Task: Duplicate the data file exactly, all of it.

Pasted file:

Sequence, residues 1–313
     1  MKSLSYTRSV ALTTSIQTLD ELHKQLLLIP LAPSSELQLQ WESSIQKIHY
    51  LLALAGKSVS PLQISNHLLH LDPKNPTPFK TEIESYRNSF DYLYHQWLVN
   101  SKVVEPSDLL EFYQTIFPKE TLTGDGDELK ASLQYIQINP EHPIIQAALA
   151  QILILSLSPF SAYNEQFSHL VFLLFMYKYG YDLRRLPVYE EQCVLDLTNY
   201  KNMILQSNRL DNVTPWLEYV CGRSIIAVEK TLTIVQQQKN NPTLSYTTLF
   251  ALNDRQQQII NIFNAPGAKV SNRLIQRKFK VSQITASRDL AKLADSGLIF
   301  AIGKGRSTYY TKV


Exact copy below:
Sequence, residues 1–313
     1  MKSLSYTRSV ALTTSIQTLD ELHKQLLLIP LAPSSELQLQ WESSIQKIHY
    51  LLALAGKSVS PLQISNHLLH LDPKNPTPFK TEIESYRNSF DYLYHQWLVN
   101  SKVVEPSDLL EFYQTIFPKE TLTGDGDELK ASLQYIQINP EHPIIQAALA
   151  QILILSLSPF SAYNEQFSHL VFLLFMYKYG YDLRRLPVYE EQCVLDLTNY
   201  KNMILQSNRL DNVTPWLEYV CGRSIIAVEK TLTIVQQQKN NPTLSYTTLF
   251  ALNDRQQQII NIFNAPGAKV SNRLIQRKFK VSQITASRDL AKLADSGLIF
   301  AIGKGRSTYY TKV